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'This is jobs for CT' | State leaders outline impact of infrastructure bill on Connecticut

State and local officials called on Congress to pass the $1.2 trillion infrastructure bill. It is currently before the U.S. House of Representatives.

HARTFORD, Conn — State and local leaders called on Congress Wednesday to pass the $1.2 trillion infrastructure, citing the major impact it would have in Connecticut

With a robust vote after weeks of fits and starts, the Senate approved a $1 trillion bipartisan infrastructure plan last week, a rare coalition of Democrats and Republicans joining to overcome skeptics and deliver a cornerstone of President Joe Biden’s agenda.

The 69-30 tally provides momentum for this first phase of Biden’s “Build Back Better” priorities, now headed to the House. A sizable number of lawmakers showed they were willing to set aside partisan pressures, eager to send billions to their states for rebuilding roads, broadband internet, water pipes and the public works systems that underpin much of American life.

If passed, Connecticut would be eligible to seek some of the more than $100 billion in competitive, federal transportation grants. It also includes $30 billion in competitive grants for the Northeast Corridor Commission for rail projects throughout the Northeast.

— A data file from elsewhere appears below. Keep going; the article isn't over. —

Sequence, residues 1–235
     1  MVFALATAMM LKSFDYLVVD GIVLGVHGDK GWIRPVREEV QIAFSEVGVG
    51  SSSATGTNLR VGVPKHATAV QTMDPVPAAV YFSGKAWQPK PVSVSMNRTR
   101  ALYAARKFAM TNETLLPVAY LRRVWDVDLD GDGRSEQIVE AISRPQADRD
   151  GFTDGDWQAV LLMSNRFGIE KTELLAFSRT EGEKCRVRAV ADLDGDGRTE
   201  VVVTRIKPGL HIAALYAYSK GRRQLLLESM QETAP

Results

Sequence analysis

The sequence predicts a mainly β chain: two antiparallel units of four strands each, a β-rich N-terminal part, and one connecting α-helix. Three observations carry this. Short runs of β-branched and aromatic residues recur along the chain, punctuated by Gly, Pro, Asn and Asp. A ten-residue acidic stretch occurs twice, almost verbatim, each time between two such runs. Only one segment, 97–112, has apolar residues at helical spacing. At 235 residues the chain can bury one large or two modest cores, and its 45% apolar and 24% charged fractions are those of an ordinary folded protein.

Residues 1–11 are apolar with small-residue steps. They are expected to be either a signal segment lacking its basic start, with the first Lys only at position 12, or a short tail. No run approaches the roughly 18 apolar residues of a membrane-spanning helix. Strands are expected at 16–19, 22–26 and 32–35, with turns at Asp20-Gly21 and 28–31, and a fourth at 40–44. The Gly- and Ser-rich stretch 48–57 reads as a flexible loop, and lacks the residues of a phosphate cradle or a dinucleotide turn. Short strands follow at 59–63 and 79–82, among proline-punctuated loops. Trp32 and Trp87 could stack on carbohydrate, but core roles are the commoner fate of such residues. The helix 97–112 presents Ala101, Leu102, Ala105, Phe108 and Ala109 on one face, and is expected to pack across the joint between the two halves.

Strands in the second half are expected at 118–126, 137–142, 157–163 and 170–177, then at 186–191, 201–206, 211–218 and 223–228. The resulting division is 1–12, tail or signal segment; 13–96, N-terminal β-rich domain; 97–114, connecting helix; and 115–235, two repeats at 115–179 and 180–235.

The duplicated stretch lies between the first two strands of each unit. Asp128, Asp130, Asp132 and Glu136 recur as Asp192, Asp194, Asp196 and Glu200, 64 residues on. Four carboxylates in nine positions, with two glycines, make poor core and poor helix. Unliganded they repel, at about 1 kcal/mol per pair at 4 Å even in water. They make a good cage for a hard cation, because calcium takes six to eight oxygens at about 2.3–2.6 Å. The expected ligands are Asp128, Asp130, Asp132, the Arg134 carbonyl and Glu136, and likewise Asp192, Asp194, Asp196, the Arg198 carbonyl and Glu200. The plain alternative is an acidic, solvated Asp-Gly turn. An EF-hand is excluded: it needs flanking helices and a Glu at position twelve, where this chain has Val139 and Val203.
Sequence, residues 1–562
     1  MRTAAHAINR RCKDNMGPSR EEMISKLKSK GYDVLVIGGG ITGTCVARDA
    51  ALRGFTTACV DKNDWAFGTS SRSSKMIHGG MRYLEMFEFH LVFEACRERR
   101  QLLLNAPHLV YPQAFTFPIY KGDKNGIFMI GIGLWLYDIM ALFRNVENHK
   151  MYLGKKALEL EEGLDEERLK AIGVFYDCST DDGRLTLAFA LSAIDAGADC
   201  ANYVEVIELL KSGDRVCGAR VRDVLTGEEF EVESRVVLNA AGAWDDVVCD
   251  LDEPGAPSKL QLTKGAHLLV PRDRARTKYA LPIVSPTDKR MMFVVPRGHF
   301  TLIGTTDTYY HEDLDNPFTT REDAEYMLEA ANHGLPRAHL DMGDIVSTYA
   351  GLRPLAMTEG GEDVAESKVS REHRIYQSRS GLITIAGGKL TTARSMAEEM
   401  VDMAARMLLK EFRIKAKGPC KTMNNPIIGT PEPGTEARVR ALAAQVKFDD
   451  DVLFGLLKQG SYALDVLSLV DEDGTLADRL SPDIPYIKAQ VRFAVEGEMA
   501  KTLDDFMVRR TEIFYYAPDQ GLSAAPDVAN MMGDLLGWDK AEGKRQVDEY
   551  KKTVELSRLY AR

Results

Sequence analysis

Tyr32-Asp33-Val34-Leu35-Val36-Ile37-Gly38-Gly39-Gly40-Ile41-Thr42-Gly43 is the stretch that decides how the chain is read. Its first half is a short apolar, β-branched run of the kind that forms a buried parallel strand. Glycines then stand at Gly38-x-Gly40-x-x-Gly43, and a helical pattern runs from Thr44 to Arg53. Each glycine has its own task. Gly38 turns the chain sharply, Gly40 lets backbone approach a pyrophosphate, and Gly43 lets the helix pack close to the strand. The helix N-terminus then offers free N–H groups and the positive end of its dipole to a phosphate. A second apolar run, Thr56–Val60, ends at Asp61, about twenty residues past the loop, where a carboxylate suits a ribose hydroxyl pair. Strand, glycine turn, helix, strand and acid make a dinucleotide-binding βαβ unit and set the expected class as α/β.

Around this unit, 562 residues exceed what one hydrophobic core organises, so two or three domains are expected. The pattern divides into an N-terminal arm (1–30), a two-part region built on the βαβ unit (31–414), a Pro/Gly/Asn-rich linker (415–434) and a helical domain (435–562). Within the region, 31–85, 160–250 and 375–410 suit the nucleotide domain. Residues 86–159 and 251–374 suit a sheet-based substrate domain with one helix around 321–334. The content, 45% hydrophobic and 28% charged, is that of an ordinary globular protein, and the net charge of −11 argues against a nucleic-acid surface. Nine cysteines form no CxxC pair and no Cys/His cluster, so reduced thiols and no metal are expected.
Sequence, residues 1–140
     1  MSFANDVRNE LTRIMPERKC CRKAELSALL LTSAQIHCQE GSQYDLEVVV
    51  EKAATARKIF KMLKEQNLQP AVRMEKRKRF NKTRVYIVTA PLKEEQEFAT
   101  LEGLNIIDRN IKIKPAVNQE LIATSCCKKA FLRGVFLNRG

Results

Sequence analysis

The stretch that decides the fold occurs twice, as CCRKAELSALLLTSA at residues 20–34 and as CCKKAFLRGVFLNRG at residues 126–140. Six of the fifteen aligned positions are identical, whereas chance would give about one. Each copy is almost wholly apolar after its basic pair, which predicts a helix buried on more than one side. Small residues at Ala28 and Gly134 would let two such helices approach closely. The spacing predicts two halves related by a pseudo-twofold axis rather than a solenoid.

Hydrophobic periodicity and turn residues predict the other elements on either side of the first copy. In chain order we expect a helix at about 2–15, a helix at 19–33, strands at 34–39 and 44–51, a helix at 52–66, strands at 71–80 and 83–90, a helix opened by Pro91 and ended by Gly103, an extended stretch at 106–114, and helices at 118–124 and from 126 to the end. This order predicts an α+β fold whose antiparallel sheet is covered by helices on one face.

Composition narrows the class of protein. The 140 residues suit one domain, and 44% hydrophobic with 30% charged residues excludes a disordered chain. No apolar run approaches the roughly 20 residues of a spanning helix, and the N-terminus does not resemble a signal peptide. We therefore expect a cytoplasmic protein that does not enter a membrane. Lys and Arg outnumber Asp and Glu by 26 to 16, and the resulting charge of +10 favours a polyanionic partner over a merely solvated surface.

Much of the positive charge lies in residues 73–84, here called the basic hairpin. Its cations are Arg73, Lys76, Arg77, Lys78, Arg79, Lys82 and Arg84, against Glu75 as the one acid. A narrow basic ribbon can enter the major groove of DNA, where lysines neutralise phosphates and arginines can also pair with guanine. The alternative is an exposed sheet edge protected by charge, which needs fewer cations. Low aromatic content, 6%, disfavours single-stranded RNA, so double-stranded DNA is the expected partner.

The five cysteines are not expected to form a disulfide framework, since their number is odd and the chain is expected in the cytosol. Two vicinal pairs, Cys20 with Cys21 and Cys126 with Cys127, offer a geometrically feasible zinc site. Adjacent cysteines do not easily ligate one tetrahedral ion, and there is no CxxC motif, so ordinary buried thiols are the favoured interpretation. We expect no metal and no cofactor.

During a news conference in Hartford on Wednesday, Gov. Ned Lamont, Mayor Luke Bronin, state transportation officials and Connecticut Sens. Richard Blumenthal and Chris Murphy outlined the impact the bill would have on the state.

“Joe Biden said he could bring this country together to rebuild this nation, and he did it,” Murphy said during the news conference.

“This is jobs for Connecticut,” Bronin said about the economic impact of the infrastructure bill. “This bill means billions of dollars in Connecticut infrastructure.”

The outline for Biden’s bigger $3.5 trillion package is next up for the Senate — a more liberal undertaking of child care, elder care and other programs that is much more partisan and expected to draw only Democratic support. That debate is expected to extend into the fall.

Tuesday's Infrastructure Investment and Jobs Act started with a group of 10 senators who seized on Biden’s campaign promise to draft a scaled-down version of his initial $2.3 trillion proposal, one that could more broadly appeal to both parties in the narrowly divided Congress, especially the 50-50 Senate.

It swelled to a 2,700-page bill backed by the president and also business, labor and farm interests. It drew an expansive alliance of senators and a bipartisan group in the House.

In all, 19 Republicans joined all Democrats in voting for Senate passage. Vice President Kamala Harris, as presiding officer, announced the final tally.

The Associated Press contributed to this report.

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